ATGM Gunner (AT-14 Spriggan)
    Asst. ATGM Gunner (AK-74)
    Asst. ATGM Gunner (AK-74)
    Asst. ATGM Gunner (AK-74)


There's your three-man machine gun team, and still backing a four man missile team.  I figure by 2025 I'd switch up to the newer missiles; the AT-14 was "widely exported" and showed up in the late 1990s.  Plenty of time to pick up a few, or even license production, for Serednya Slaviya.

As an aside, this is an article that hopefully has been superseded by events and the passage of time. If not, I'm officially embarrassed. On the other hand, I cannot imagine a world in which a 10th Mountain team- or squad-leader cannot do what the article supposes they should be doing by rote memory, asleep or drunk or wounded:

https://taskandpurpose.com/news/army-infantry-squad-leaders-navigation/

That's a little scary and disappointing, because what does it say about their other infantry skills, if they can't pass land navigation classes?  The mention of only doing grenade launcher training once every six months is atrocious; you can't build skill with schedules like that.  My own guns, I don't shoot nearly often enough, and I still can't hit for ****.  How often are they even getting rifle practice, at that point?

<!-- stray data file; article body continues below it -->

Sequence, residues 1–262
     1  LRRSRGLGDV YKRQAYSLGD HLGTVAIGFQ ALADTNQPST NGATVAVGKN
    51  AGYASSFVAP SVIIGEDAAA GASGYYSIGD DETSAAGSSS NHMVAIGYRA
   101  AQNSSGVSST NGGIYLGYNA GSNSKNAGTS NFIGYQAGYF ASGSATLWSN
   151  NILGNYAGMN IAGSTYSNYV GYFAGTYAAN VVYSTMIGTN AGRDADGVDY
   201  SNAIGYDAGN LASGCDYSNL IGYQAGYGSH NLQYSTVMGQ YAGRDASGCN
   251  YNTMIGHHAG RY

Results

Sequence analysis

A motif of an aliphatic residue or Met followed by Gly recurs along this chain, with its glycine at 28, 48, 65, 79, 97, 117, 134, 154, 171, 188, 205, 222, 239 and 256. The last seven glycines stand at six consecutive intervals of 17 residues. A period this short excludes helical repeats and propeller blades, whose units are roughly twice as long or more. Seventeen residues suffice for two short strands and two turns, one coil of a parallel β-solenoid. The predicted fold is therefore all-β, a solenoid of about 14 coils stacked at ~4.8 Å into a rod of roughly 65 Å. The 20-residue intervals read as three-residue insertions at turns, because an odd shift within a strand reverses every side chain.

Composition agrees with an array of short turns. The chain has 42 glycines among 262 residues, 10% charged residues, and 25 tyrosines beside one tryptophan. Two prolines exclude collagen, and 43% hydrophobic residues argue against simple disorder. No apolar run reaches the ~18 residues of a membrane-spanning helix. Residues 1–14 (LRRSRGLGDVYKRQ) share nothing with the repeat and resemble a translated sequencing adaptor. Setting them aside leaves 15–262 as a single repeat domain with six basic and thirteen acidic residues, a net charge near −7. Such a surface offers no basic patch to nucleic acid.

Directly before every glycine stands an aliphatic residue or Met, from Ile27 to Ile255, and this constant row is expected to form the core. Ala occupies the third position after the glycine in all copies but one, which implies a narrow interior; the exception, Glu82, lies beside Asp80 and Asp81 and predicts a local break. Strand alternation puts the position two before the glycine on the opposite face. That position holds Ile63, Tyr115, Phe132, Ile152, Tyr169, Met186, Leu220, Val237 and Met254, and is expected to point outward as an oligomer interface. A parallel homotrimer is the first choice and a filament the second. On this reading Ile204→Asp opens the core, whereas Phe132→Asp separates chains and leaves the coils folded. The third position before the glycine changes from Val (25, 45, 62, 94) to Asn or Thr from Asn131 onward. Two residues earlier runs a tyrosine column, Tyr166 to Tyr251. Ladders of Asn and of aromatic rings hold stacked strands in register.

The 3rd ID they keep picturing in the article...who knows? Maybe. Mech units were never really big on the traditional infantry skills like land-nav, dismounted patrolling and attack/defense preparations in my experience. I will be honest and say that about the 11th ACR as well during my time there*. I was [almost singularly] lucky during my time with the Regiment to do what I did which held me in good stead when I got into the light-fighters.

Maybe it's too much a reliance on technology?  Vehicle GPS and mapping systems being so widespread, and always having your track with you, might be what prompts the loss of skill.

I hope you boys take note of the last third of the article, it talks succinctly but presciently about NTC and operational-level maneuver-warfare-based training and how it can indeed atrophy (or at least not reinforce) small tactical unit fundamentals. And, Daryk, this article talks a lot of why I have never subscribed to your "every infantryman an astech" theory (let alone the USMC's ridiculous "every Marine a rifleman" shenanigans). I love you, Big D, but infantrymen need to be doing infantrymen stuff, not turning wrenches down at the motor-hole* or a hundred other details the REMFs should be handling on their own.